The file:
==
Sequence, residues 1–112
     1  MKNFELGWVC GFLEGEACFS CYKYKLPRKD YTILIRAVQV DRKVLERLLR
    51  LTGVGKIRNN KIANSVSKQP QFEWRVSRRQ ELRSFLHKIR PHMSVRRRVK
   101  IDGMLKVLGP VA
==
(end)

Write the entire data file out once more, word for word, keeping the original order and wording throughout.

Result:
Sequence, residues 1–112
     1  MKNFELGWVC GFLEGEACFS CYKYKLPRKD YTILIRAVQV DRKVLERLLR
    51  LTGVGKIRNN KIANSVSKQP QFEWRVSRRQ ELRSFLHKIR PHMSVRRRVK
   101  IDGMLKVLGP VA